Grain storage necessitates constant attention, just like a crop does during the growing season. Regular monitoring allows for early problem detection and management, which helps to prevent significant grain loss.
As a result, there are no unpleasant surprises when it is time to unload the grain. If the grains are spoiled at the eleventh hour, you may also have to face the expense of grain buyers rejecting your product because of its quality.
Functions of grain monitoring
Used in segregation of grains
To properly store grain, grain condition and grade must be determined as soon as it leaves the paddock. Grain with a lot of moisture needs to be dried or blended. Grain that has been heated up needs to be cooled down. The segregation of grain of varying quality will be advantageous.
Screenings and tests
You can ask what parameters it is close to being downgraded or upgraded when you know the grade. Something like protein, screenings, or test weight may be testable and manageable on the farm. It is helpful to have this information handy during harvest to help sort grain and keep it within the grade. Additionally, mixing grain from different parts of the paddock with grain from the same area can help raise the overall quality.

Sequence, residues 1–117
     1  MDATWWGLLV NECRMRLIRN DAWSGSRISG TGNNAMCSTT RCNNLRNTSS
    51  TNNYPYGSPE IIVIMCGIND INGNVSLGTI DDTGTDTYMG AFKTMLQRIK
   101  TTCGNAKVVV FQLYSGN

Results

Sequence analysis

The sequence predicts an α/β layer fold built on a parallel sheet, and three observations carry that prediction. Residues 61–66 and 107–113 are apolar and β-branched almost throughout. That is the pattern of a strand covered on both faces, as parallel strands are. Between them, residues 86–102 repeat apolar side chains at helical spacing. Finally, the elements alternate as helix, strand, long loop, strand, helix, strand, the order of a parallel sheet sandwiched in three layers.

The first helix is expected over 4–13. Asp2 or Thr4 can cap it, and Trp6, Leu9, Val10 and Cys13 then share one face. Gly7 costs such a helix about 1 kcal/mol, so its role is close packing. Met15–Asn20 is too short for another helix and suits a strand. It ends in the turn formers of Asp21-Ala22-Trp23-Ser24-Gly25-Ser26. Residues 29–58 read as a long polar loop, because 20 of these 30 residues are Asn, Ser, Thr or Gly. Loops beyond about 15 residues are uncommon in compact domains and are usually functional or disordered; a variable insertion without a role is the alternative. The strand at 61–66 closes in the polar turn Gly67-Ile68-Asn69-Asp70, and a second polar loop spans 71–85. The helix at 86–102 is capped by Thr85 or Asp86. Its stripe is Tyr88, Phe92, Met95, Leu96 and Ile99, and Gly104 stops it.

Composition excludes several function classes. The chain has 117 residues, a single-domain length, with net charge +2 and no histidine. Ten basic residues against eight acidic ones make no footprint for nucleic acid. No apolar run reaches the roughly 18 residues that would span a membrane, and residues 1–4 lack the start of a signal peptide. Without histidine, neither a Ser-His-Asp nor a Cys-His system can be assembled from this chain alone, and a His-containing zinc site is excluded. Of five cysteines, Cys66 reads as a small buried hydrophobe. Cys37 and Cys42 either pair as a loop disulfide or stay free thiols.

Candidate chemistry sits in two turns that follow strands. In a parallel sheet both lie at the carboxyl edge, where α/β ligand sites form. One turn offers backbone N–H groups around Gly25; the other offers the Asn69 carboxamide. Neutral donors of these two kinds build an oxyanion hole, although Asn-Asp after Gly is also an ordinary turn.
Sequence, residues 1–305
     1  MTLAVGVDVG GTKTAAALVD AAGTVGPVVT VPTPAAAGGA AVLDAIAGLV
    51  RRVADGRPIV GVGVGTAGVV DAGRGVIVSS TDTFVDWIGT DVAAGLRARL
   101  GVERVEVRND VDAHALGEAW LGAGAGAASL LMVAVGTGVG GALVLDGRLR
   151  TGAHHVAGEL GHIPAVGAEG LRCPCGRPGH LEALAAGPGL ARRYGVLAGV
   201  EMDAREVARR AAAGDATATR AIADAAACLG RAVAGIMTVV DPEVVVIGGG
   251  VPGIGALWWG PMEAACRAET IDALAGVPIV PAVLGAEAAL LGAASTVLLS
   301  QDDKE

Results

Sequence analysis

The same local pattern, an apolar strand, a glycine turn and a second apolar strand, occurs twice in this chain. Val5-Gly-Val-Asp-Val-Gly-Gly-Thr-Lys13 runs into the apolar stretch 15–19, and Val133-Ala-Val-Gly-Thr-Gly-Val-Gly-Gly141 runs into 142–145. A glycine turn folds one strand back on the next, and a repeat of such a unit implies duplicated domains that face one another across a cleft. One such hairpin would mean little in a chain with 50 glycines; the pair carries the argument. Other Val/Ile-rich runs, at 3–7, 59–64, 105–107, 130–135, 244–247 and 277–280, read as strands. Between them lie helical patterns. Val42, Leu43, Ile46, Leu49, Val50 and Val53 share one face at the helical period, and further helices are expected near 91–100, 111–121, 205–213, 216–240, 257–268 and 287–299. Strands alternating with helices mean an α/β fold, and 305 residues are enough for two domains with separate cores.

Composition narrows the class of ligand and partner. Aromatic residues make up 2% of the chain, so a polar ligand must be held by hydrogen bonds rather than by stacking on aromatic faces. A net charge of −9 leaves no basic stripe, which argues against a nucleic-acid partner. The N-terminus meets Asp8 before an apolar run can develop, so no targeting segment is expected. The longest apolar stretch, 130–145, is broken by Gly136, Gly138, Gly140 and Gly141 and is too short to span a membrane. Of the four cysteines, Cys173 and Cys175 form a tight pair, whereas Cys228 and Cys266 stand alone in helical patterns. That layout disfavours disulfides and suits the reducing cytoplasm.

Checking for insects
It is difficult to track down grain pests because they are small and quick to move. Some prefer the dark, but others can be found on the surface. There are a few methods for spotting them. Before loading, secure the trap so it does not get misplaced or forgotten about. A small amount of the trap should protrude from the grain’s surface to catch insects crawling across it and those hiding beneath it.
Monitoring grain temperature is important not only for controlling aeration but can also reveal the presence of mold or insects in the grain stack. Mold thrives in warm, humid environments, which are created by insect activity. It’s important to measure grain temperature consistently, so go beneath the surface each time. Track down test results to see if any temperature spikes need to be investigated. Taking grain samples from the storage facility traps for collecting data
Do not collect samples from the areas that are most likely to be infested by insects or mold. These areas are usually found around access points, such as doors, hatches, aeration fan inlets, and filling and emptying points.
Storage of sampled grains
At the very top of a grain silo, insects and mold can hide just below the grain’s surface. Since it’s the last place where aeration cooling or drying can reach, it’s subjected to sunlight heating the headspace, condensation from the headspace, and provides easy access for insects via the top lid, inspection hole, or vents. If you must climb to the top of a storage unit, make sure you are following all workplace health and safety guidelines. Never take samples from the top of the grain; always go beneath it. Opening an outlet at the bottom of a silo allows a small amount of grain to escape. While a sampling probe is ideal for collecting grain from the top of a silo, using one to climb a silo is often essential.